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Daily Digest 4/13 - Bird Flu Adapting To Mammals, Will Bitcoins Make Me Rich?

Saturday, April 13, 2013, 10:03 AM

Economy

Lust For Gold (Nervous Nelly)

What do I mean by goldbuggism? Not the notion that buying gold sometimes makes sense. Gold has been a very good investment since the early 2000s, and it’s probably not all bubble. One way to think about this is that gold is like a very long-term bond that’s protected from inflation; and actual long-term inflation-protected bonds have also seen big price increases, reflecting a general perception that there aren’t enough alternative good investments.

Will Bitcoins Make Me Rich? (jdargis)

Three weeks ago, I began hearing about bitcoin everywhere I turned. One afternoon I had lunch with a partner at Andreessen Horowitz, the large Silicon Valley venture firm, who told me that he’d been fielding pitch after pitch for start-ups that offered bitcoin-related services. After lunch, I got an email from David Barrett, the CEO of the fantastic expense-reporting start-up Expensify. Barrett wanted to let me know that his firm would soon let people submit expenses and get paid by their employers in bitcoins. He explained that the feature wasn’t a gimmick. Bitcoin would be helpful for people who regularly submitted expenses internationally; other services—like PayPal—charge hefty fees for moving money overseas, but with bitcoin people could send money for free.

Bitcoin Is No Longer A Currency (jdargis)

In other words, Bitcoin has a massive deflationary bias. Its money supply is mostly fixed, but the menu of things it can buy is growing. The same amount of money chasing more goods means money will be worth more. Or, put another way, prices will fall in Bitcoin terms.

And that's why it's not a currency, and won't be one until it has a central bank.

The Calamity of So Long Life: How Not to Outlive Your Assets (jdargis)

“What often isn’t understood is the variability,” says Cynthia Levering, a retired pension actuary who continues to work with the Society of Actuaries. “You really need to plan around what happens if you are healthier and fall into above average.” To wit, a 65-year-old woman who lands in the top quartile in terms of longevity has a 62 percent chance of making it to (at least) 85 and a 42 percent chance of getting to 90. (For men in good health, the odds shift to 50-50 of being alive at 85 and 30 percent for age 90.)

Jim Rogers: The One Lie That Will Bring Down America (jdargis)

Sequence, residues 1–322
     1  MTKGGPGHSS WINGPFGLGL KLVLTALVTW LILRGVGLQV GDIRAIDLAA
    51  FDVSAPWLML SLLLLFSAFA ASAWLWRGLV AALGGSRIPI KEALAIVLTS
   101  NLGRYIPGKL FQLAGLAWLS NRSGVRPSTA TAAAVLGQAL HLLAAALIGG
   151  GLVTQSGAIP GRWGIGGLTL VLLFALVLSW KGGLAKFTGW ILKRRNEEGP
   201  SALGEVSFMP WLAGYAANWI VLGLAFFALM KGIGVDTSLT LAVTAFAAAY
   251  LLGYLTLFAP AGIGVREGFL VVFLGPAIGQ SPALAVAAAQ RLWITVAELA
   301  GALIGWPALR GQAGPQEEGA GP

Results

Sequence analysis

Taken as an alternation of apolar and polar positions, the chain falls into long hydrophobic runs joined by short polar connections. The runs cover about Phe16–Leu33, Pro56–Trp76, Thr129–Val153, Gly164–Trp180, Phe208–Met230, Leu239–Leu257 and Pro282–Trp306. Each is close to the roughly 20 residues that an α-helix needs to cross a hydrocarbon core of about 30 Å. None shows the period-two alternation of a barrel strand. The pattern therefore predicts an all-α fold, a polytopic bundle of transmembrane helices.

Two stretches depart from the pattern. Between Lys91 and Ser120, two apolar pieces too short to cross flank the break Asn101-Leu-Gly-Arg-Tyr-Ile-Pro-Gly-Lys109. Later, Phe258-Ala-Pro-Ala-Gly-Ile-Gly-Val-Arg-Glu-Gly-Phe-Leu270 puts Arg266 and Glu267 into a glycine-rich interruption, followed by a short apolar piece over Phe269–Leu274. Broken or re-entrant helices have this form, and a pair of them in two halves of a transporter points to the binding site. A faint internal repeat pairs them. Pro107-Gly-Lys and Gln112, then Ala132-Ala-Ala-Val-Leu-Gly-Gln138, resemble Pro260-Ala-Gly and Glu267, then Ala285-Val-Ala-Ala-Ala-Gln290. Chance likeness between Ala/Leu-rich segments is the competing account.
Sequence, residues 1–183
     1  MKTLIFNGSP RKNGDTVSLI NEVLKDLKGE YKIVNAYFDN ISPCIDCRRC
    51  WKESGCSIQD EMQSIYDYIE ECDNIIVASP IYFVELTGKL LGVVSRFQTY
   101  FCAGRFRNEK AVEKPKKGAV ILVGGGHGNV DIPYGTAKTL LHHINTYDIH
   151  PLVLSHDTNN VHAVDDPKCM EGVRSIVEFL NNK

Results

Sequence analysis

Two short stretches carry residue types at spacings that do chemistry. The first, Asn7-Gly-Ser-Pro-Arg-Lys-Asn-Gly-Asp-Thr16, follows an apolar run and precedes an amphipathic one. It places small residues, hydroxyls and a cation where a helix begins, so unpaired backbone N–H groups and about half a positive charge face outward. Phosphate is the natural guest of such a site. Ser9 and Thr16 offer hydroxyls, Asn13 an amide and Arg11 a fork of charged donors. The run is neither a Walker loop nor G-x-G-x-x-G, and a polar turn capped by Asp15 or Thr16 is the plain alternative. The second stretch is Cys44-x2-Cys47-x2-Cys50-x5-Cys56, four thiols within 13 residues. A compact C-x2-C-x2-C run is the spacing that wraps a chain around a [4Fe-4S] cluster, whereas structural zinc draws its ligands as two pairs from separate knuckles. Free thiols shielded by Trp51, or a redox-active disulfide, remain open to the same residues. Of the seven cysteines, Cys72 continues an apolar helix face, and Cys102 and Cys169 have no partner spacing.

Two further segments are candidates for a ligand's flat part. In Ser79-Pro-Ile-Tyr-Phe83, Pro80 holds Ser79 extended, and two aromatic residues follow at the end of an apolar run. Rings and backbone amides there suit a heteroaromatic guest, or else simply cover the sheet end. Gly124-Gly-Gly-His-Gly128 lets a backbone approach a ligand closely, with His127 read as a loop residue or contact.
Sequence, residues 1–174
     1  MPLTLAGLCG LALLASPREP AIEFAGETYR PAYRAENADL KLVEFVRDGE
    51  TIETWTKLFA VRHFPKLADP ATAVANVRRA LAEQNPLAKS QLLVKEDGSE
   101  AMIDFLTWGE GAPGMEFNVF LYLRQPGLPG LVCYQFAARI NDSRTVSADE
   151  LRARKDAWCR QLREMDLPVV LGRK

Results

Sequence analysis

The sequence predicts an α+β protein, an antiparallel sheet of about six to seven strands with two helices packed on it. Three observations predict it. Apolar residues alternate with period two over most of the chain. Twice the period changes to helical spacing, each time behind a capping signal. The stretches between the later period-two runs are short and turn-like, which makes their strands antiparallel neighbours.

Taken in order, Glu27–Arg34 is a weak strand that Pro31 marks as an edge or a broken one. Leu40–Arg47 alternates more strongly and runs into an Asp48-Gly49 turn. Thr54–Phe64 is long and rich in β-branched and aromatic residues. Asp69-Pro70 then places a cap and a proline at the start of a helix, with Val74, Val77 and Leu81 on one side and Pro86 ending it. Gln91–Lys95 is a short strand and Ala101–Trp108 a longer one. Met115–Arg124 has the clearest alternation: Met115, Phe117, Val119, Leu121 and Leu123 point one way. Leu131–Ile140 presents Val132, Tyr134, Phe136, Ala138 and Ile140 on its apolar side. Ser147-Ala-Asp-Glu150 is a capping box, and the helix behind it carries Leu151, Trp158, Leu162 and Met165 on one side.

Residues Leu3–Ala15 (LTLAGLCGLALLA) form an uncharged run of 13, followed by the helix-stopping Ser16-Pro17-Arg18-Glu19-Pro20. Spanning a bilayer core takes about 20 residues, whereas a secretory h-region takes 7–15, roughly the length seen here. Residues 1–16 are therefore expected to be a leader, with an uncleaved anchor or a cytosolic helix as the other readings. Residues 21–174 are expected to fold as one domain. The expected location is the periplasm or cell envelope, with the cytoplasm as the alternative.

"What this pattern represents is a dangerous countdown clock that's quickly approaching zero," said Keith Fitz-Gerald, the Chief Investment Strategist for the Money Map Press, who predicted the 2008 oil shock, the credit default swap crisis that helped bring about the recession, and the Greek and European fiscal catastrophe that is still wreaking havoc until this day.

"The resulting chaos is going to crush Americans."

Dirt Flies at the Garden Club (Even Before Spring Planting) (jdargis)

When Ron Schuppert, the president for six years, decided he had had enough of the job, Ms. Ward campaigned on a platform of change and efficiency and swept into office in October after Mr. Schuppert successfully sponsored a motion that would, for the first time in club history, open voting beyond full members, to allow associates to vote and be elected.

“She could be very charming and convincing,” Mr. Schuppert, a private investigator and retired police officer, said this week, a little ruefully. “Also, the other candidates were not very” — he paused — “prepossessing.”

New bird flu strain seen adapting to mammals, humans (Arthur Robey)

The findings, drawn from genetic sequences deposited by Chinese researchers into an international database, provide some of the first molecular clues about a worrisome new strain of bird flu, the first human cases of which were reported on March 31 by the Chinese Center for Disease Control and Prevention. So far, the new virus has sickened at least 33 people, killing nine. Although it is too early to predict its potential to cause a pandemic, signs that the virus is adapting to mammalian and, in particular, human hosts are unmistakable, says Kawaoka.

Tomatoes, Peppers, Strawberries Now Grow Well in Greenland's Arctic Valleys (Nervous Nelly)

"Every year we try new things," said Ernst, who even managed to grow a handful of strawberries that he served to some surprised Scandinavian royals. "I first came here in 1999 and no-one would have dreamed of doing this. But now the summer days seem warmer, and longer."

Gold & Silver

Click to read the Gold & Silver Digest: 4/11/13

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